So, let’s do it.  Let’s reach out to the Brittney’s we know, those twenty-somethings who haven’t been back to church since they left home. Let’s remind them of the love, connection, and encouragement that are such a special part of being a church family. 

Let’s reach out to friends like Tim and Cindy, alienated by the sexual misconduct of those who had been entrusted with their spiritual care.  Let’s remind them that God’s heart breaks along with theirs and there are other churches where the love of God is practiced sincerely in word and deed. 

Let’s reach out to the Mitchells of this world.  They may never feel comfortable coming to church, but they may see Jesus.  Every time we share the love of Christ with fresh produce for the Food Pantry, shallow wells for Africa, or a prayer shawl in a time of crisis, we bear a quiet and powerful witness to the transforming, unstoppable love of God and the truth of Easter.  Someday, people like Mitchell might even be a little like the disciple Peter.  They could turn off the Sunday morning sports and venture forth to see for themselves, to look at the evidence and be amazed, even if they aren’t yet willing to accept the truth.

We’ve got a tale to tell, my friends.  Some call it idle, but we know better.  What are we waiting for?  Next Easter, we might just have a few more people in the pews.  Alleluia!


Resources:

Lucy Lind Hogan. “Commentary on Luke 24:1-12” in Preaching This Week, April 17, 2022. Accessed online at https://www.workingpreacher.org/commentaries/revised-common-lectionary/resurrection-of-our-lord-3/commentary-on-luke-241-12-9

Holly Hearon. “Commentary on Luke 24:1-12” in Preaching This Week, April 20, 2019. Accessed online at https://www.workingpreacher.org/commentaries/revised-common-lectionary/resurrection-of-our-lord-3/commentary-on-luke-241-12-6

Michael Joseph Brown. “Commentary on Luke 24:1-12” in Preaching This Week, March 26, 2016. Accessed online at https://www.workingpreacher.org/commentaries/revised-common-lectionary/vigil-of-easter-2/commentary-on-luke-241-12-4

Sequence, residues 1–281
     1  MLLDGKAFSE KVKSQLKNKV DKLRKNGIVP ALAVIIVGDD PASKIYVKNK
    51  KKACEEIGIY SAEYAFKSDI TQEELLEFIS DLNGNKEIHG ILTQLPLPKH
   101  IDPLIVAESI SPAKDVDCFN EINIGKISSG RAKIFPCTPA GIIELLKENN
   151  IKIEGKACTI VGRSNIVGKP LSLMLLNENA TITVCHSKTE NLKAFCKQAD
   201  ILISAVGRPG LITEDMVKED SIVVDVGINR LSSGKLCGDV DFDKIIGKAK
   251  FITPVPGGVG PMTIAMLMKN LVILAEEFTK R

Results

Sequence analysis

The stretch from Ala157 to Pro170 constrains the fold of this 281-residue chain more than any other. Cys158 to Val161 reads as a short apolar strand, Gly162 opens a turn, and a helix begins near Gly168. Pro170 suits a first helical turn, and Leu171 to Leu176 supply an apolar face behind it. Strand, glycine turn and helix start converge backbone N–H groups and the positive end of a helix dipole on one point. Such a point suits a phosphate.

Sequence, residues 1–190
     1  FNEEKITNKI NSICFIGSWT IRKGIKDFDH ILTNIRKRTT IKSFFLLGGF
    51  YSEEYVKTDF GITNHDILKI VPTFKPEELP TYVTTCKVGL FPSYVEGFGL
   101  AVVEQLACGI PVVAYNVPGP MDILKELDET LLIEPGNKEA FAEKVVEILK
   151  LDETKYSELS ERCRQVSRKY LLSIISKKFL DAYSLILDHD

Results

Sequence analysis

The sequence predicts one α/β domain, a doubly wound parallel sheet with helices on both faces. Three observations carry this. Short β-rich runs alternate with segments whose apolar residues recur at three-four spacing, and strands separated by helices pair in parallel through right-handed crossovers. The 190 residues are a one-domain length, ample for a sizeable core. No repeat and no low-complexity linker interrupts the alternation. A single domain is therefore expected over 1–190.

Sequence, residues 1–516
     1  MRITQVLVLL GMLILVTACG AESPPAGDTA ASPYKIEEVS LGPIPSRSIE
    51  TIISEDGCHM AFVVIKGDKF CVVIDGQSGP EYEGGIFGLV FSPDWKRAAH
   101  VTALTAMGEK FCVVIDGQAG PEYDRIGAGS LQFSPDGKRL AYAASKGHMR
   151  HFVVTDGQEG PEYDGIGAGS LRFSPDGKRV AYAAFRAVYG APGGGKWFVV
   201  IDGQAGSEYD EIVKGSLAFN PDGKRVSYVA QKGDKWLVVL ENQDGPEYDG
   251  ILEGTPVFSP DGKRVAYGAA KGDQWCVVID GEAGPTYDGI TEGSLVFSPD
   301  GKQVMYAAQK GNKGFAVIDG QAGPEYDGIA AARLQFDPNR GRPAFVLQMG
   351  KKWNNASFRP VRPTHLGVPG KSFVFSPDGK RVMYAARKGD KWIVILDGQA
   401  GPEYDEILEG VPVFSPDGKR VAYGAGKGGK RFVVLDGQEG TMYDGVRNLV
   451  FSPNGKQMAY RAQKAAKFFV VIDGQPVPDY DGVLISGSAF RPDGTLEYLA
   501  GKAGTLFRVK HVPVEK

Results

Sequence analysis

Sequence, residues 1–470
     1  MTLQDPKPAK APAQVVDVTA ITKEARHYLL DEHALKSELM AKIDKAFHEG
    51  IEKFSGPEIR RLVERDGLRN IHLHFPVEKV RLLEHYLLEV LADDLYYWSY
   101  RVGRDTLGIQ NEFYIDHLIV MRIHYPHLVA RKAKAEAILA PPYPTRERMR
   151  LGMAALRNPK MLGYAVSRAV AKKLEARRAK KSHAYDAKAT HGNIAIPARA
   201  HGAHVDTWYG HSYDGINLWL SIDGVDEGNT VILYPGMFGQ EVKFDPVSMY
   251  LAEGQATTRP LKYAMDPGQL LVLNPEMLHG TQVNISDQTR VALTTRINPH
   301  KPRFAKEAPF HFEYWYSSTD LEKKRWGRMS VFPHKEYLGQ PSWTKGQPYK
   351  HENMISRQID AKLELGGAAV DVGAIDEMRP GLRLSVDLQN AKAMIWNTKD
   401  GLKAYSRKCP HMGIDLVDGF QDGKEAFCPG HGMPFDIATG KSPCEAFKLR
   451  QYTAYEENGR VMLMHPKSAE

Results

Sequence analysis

Arland Hultgren. “Commentary on Luke 24:1-12” in Preaching This Week, March 31, 2013. Accessed online at https://www.workingpreacher.org/commentaries/revised-common-lectionary/resurrection-of-our-lord-3/commentary-on-luke-241-12-3

Craig R. Koester. “Commentary on Luke 24:1-12” in Preaching This Week, April 4, 2010. Accessed online at https://www.workingpreacher.org/commentaries/revised-common-lectionary/resurrection-of-our-lord-3/commentary-on-luke-241-12-2


Luke 24:1-12

But on the first day of the week, at early dawn, they came to the tomb, taking the spices that they had prepared. 2 They found the stone rolled away from the tomb, 3 but when they went in, they did not find the body. 4 While they were perplexed about this, suddenly two men in dazzling clothes stood beside them. 5 The women were terrified and bowed their faces to the ground, but the men said to them, “Why do you look for the living among the dead? He is not here, but has risen. 6 Remember how he told you, while he was still in Galilee, 7 that the Son of Man must be handed over to sinners, and be crucified, and on the third day rise again.” 8 Then they remembered his words, 9 and returning from the tomb, they told all this to the eleven and to all the rest. 10 Now it was Mary Magdalene, Joanna, Mary the mother of James, and the other women with them who told this to the apostles. 11 But these words seemed to them an idle tale, and they did not believe them. 12 But Peter got up and ran to the tomb; stooping and looking in, he saw the linen cloths by themselves; then he went home, amazed at what had happened.